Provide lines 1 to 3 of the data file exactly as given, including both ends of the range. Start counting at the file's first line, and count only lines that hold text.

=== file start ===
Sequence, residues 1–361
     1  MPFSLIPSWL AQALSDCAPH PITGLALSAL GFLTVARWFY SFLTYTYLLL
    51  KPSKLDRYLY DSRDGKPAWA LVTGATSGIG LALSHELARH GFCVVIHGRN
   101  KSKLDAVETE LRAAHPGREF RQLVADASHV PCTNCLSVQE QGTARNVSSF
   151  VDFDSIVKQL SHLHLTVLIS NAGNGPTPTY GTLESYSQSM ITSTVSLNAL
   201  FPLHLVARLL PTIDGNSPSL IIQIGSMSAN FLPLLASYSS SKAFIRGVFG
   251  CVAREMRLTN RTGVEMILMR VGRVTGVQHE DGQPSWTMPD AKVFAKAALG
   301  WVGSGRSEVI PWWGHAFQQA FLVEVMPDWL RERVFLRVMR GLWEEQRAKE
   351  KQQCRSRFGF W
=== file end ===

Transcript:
Sequence, residues 1–361
     1  MPFSLIPSWL AQALSDCAPH PITGLALSAL GFLTVARWFY SFLTYTYLLL
    51  KPSKLDRYLY DSRDGKPAWA LVTGATSGIG LALSHELARH GFCVVIHGRN